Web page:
26 Aug 2013

Could this FWD hatchback save Jaguar from the merciless EU?

With EU emissions regulations getting ever tighter might Jaguar only be able to save itself by building a small, front wheel drive hatchback?

The European Union.  Maker of rules that often defy logic which are often ignored by many constituent nations but that us Brits seem to have to obey to the letter - however uncompetitive they make us.

By 2020, all car manufacturers which produce more than 300,000 cars per year will have to have an average CO2 level of 95 g/km across its range.  That's just a bit less than a current Ford Focus 1.0 Ecoboost.

Jaguar currently builds less than 300,000 cars per year, but by 2020 it aims to be beating that by having expanded its range to include a BMW 3-Series rival and an SUV or two.  Plus, the XK and XF will be revised.  None of these cars fits into the sub-95 g/km bracket, precisely because Jaguar is a premium brand.

But the monolithic EU do not like premium brands.  Mercedes have Smart, BMW have Mini.  Jaguar have no-one but the even more polluting Land Rover.  Therefore, by the EU's reckoning, they must either buy a company that makes small cars or make small cars themselves.

And it just got worse.  Post 2020 targets will be set by the EU next year - with a target of 68 to 78 g/km.  Even an electric car generates 75 g/km of CO2 (from the creation of the electricity it consumes).

Anything that burns fossil fuel is going to struggle - even with Stop/Start, cylinder shut down etc.  But smaller cars have a better chance of hitting the target which, remember, must be an average across the range.

Rolls Royce, Bentley, Ferrari, Maserati all have get out of jail free cards by both being part of wider groups and by producing less than 300,000 cars a year.

Jaguar does not have such a privilege.  They will have to make a small, front wheel drive hatchback - or be exterminated by the EU's bureaucracy.

Happily Ian Callum is already thinking about the challenge this would pose, but is also realistic about the commercial reality of it.  He told Autocar:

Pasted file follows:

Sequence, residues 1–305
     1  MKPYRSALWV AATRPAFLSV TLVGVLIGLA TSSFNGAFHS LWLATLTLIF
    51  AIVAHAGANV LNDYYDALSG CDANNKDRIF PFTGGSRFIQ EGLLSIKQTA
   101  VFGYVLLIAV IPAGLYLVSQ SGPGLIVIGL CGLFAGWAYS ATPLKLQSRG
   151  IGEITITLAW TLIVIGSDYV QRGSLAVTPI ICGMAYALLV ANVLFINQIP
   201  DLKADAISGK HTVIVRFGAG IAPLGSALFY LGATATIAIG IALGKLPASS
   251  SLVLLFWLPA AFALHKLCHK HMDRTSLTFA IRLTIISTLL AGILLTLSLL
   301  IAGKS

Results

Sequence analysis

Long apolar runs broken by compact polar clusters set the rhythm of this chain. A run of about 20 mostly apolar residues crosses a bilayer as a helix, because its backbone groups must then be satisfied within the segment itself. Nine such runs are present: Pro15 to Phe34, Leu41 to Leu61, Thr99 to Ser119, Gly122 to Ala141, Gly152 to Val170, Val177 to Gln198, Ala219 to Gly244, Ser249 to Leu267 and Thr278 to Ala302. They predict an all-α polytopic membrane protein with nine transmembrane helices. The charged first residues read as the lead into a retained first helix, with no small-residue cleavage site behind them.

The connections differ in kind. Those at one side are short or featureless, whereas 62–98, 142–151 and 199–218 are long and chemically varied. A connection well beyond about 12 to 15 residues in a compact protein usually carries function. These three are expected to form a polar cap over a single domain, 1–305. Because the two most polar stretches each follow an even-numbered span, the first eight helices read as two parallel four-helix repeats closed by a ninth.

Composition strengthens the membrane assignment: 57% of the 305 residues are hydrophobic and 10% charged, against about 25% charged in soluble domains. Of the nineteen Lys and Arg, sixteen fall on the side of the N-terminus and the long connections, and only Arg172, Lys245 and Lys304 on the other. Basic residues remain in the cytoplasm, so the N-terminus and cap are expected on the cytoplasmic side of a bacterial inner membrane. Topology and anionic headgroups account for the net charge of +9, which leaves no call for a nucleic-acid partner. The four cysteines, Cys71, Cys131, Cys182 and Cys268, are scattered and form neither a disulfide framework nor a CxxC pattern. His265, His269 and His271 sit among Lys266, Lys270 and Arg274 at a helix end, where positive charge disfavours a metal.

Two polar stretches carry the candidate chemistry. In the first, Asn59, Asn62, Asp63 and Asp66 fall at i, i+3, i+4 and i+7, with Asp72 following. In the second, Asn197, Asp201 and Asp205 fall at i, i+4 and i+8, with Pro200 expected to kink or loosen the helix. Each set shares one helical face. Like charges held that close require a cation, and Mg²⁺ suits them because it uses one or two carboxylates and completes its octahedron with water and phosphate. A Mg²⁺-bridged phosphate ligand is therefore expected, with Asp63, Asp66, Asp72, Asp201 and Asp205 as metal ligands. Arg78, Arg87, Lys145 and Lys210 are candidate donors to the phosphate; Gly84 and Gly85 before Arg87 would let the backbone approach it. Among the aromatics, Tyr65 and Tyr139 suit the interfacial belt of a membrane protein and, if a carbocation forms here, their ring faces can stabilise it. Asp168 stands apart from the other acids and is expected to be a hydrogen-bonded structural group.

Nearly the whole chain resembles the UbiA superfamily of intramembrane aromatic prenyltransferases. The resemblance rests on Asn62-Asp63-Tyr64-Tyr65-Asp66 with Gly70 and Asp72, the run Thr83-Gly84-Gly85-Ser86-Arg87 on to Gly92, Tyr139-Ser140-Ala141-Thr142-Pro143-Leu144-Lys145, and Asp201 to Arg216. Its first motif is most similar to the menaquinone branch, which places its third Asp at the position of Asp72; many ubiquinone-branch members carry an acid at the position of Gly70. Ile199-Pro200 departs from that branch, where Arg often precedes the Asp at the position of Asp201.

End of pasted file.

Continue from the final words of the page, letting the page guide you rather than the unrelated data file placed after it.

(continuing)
"As a designer, I’d love to create a small car with Jaguar’s name on.  But I have lots of projects I’d like to do — and few expectations of there being a business case for them"

Autocar created this render of a potential small, Jaguar hatchback.
Small Jaguar hatchback render
Even the Germans are getting in a tizzy about the EU's proposals. BMW boss Norbert Reithofer described them as, “entirely political aspirations; technology analysis and feasibility have nothing to do with it."

Reithofer said, "tens of billions of euros," had already been spent attempting to hit the 95g/km target and warned that the European car industry didn’t have the strength to further drive down average CO2 below EV-equivalent levels. Trying to build such cars could ultimately be unprofitable and hobble the European industry in its attempts to compete with global manufacturers not subject to the same rules.

The British car industry in the 70s and 80s was ruined by militant workers, idiotic management and complacent governments.  It has done a fantastic job of reviving itself and we now have one of the world's best and most efficient workforces, some wonderful designers and seemingly efficient managers and owners.

Let's hope complacent and idiotic government does not bring it back down to the bad old days.

Article by Matt Hubbard

Render and quotes: Autocar
Tip to @BuddaPSL